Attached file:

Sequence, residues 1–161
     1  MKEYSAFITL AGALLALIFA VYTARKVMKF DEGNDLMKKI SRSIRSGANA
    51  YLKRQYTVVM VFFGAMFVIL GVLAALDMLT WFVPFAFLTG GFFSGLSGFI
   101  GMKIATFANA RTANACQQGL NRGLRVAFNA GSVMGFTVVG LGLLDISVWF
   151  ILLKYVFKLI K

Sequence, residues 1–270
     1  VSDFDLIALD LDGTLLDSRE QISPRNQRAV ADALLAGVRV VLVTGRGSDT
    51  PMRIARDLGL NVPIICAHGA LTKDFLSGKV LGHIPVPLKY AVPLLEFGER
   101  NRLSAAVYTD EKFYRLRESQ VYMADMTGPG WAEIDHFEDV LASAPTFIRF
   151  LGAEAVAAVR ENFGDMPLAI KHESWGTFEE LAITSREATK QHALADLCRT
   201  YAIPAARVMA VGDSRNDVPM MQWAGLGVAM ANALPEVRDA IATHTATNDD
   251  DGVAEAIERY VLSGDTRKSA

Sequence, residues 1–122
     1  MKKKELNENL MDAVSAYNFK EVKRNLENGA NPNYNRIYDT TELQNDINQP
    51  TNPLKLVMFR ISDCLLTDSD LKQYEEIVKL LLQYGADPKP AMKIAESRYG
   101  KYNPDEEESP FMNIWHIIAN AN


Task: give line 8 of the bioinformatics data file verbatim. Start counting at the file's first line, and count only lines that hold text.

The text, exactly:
    51  PMRIARDLGL NVPIICAHGA LTKDFLSGKV LGHIPVPLKY AVPLLEFGER